Friday, 7 July 2017

Where are you?

Hello there! Our 'pet' seagull occasionally pays a visit to the loft window. Steve just likes to keep in touch seeing as he gets fed here everyday. Though not everybody's cup of tea we think that these beautiful birds are part and parcel of the seaside, their cries and their antics in the sky.

Up close he's very handsome. He's also very inquisitive and keeps a watchful eye on what we do.

He sees us in the garden and when we sit in the garden room.

He has become very tame and will even sit on DH's hand in order to take a titbit.

The evening I took this all he wanted to do was to say hello and find out what was happening inside.

Oh and also to ask for some left over cat food for his supper.

This post is for you, Jill. I wonder if he'd sit and pose for you! Not a 'lovely gull gang' just a lovely gull.


PS - Nancy, my watch is an Apple watch and the Activity app was one of the apps on it.


  1. They call them Skurries up here in the NE of Scotland. I love them. They are for ever cleaning, washing themselves. And their poses are so comical. They get bad press but its usually when they are trying to bring up young, so who doesnt get defensive when their young are maybe under threat. Love that you give him/her a snack. Thank you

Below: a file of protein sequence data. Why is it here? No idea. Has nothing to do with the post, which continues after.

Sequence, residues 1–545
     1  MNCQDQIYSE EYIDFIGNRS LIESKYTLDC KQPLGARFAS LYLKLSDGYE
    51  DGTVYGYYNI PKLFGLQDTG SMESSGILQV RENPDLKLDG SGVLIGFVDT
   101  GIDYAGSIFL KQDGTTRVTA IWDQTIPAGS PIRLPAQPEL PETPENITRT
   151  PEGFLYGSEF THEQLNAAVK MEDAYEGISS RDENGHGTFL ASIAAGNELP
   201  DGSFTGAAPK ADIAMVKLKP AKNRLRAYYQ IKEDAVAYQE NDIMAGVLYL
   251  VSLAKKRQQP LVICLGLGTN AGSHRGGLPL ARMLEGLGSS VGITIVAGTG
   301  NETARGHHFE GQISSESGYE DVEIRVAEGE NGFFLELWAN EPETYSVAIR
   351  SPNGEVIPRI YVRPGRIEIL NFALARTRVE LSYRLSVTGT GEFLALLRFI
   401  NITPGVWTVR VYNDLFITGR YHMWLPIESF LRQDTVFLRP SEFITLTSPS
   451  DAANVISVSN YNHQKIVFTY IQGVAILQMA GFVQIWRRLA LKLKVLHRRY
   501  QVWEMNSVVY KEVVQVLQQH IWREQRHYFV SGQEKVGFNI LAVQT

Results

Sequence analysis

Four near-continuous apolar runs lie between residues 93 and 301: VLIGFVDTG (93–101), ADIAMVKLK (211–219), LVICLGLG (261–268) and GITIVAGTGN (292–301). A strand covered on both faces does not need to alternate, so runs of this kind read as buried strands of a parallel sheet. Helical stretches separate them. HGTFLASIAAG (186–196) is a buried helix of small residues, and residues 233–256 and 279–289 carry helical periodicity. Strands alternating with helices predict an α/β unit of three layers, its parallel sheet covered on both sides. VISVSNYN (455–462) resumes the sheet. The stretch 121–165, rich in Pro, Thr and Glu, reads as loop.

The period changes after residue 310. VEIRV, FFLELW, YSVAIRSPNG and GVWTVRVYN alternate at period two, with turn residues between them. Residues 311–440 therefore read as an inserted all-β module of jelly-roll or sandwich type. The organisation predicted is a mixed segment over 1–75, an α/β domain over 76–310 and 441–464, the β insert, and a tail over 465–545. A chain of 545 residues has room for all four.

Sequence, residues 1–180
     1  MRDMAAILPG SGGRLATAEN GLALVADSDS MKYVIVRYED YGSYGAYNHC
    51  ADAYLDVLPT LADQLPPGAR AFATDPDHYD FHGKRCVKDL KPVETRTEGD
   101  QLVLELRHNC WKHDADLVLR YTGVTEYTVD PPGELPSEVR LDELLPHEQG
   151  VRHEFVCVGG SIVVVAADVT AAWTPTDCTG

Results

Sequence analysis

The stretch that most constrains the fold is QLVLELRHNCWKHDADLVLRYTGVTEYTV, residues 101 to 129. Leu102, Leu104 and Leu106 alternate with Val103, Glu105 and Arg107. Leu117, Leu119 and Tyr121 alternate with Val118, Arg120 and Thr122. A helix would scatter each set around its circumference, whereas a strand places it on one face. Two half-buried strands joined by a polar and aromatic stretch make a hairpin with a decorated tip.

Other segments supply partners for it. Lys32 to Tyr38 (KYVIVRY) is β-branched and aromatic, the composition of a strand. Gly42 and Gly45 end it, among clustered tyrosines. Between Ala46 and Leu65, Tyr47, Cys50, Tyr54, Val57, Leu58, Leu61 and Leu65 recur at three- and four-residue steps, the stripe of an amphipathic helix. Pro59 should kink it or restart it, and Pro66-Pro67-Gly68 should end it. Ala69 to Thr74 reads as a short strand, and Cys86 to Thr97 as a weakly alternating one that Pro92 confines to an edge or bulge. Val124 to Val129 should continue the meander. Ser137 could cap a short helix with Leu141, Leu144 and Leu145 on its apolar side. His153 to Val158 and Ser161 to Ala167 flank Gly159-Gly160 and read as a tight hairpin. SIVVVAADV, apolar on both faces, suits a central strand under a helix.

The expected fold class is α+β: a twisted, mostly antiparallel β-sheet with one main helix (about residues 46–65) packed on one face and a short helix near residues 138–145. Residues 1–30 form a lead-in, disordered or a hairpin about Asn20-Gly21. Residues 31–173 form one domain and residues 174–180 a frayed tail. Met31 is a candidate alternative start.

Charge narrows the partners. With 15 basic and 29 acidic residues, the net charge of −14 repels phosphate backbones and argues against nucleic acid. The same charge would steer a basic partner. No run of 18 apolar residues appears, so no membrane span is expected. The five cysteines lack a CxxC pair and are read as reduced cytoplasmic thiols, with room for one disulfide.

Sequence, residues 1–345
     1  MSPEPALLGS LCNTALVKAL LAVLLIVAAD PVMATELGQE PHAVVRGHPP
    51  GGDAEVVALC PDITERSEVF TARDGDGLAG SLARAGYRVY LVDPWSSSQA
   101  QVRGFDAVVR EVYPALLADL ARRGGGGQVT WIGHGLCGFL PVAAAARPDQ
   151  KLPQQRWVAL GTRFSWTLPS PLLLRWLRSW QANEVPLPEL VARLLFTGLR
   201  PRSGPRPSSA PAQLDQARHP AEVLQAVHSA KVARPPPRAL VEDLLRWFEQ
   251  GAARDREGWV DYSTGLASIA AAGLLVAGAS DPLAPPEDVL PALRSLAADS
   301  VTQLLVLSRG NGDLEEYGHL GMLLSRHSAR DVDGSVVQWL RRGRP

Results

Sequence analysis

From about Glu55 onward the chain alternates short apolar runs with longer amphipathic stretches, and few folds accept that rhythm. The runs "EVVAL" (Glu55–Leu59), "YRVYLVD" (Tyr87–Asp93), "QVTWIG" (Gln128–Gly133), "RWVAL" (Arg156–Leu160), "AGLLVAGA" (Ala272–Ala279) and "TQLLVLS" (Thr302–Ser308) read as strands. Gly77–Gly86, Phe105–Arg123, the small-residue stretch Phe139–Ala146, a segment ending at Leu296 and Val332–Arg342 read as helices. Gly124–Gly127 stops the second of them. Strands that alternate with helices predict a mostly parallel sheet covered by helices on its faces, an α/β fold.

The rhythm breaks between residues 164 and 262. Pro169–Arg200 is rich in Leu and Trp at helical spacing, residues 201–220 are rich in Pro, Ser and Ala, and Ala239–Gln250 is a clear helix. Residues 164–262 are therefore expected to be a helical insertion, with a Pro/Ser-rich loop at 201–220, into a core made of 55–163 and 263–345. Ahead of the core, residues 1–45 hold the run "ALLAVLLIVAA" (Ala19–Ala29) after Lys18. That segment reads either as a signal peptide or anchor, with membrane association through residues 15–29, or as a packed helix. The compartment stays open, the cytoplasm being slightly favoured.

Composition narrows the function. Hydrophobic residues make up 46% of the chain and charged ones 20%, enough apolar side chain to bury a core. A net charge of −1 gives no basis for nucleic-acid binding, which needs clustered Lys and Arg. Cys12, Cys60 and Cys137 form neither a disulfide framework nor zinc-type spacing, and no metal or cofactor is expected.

2. Is it me or are Seagulls getting BIGGER. The ones trying to steal food on the beach yesterday were huge

  3. We used to have one who came regularly to our garden, too. It would bath and flap in the big bowl of water that I put out for birds and any other animals who might be around at night. But eventually we had to discourage it because one day Gully (as we called it) waddled into the kitchen, through the kitchen door into the hall and then right into the shower room, a very small room with shelves on which are the toiletries. I was frightened that he (I presume it was male!) would panic and flap around in there and not only cause damage but injure himself, so I just waited patiently and he turned around and waddled out again. Really, we are doing gulls a disservice by encouraging them to our towns and gardens - they should be out at sea or on the cliffs - but it is very tempting, because they are wonderful birds. However, they are becoming bolder and bolder and are not attacking people (and injuring some) and really should not be encouraged, lovely though they are.
    Margaret P

  4. I meant "now" attacking people - sorry, my fingers can't spell!
    Margaret P

  5. I love this post. Only recently I posted on my blog that I thought I must be the only person who has a good word to say about seagulls. Now I know different! I know that they have their faults but I love their grace and handsome faces. Eloise.


Thank you for your comments. it's always exciting reading them.